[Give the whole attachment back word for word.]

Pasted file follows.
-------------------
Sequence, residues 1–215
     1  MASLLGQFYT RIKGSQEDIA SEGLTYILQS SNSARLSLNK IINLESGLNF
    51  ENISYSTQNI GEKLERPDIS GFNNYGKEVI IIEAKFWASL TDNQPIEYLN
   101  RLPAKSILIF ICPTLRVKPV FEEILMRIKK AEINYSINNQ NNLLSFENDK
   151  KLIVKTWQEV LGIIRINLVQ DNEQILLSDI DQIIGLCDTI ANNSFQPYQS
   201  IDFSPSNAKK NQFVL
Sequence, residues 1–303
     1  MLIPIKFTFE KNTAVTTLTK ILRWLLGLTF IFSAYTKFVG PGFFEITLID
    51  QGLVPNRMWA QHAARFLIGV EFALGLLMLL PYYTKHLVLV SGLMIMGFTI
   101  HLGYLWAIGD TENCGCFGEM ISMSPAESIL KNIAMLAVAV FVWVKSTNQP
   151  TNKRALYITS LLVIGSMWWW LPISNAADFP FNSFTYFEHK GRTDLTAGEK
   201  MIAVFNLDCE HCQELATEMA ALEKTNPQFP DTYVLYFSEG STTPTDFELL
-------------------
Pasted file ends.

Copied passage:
Sequence, residues 1–215
     1  MASLLGQFYT RIKGSQEDIA SEGLTYILQS SNSARLSLNK IINLESGLNF
    51  ENISYSTQNI GEKLERPDIS GFNNYGKEVI IIEAKFWASL TDNQPIEYLN
   101  RLPAKSILIF ICPTLRVKPV FEEILMRIKK AEINYSINNQ NNLLSFENDK
   151  KLIVKTWQEV LGIIRINLVQ DNEQILLSDI DQIIGLCDTI ANNSFQPYQS
   201  IDFSPSNAKK NQFVL
Sequence, residues 1–303
     1  MLIPIKFTFE KNTAVTTLTK ILRWLLGLTF IFSAYTKFVG PGFFEITLID
    51  QGLVPNRMWA QHAARFLIGV EFALGLLMLL PYYTKHLVLV SGLMIMGFTI
   101  HLGYLWAIGD TENCGCFGEM ISMSPAESIL KNIAMLAVAV FVWVKSTNQP
   151  TNKRALYITS LLVIGSMWWW LPISNAADFP FNSFTYFEHK GRTDLTAGEK
   201  MIAVFNLDCE HCQELATEMA ALEKTNPQFP DTYVLYFSEG STTPTDFELL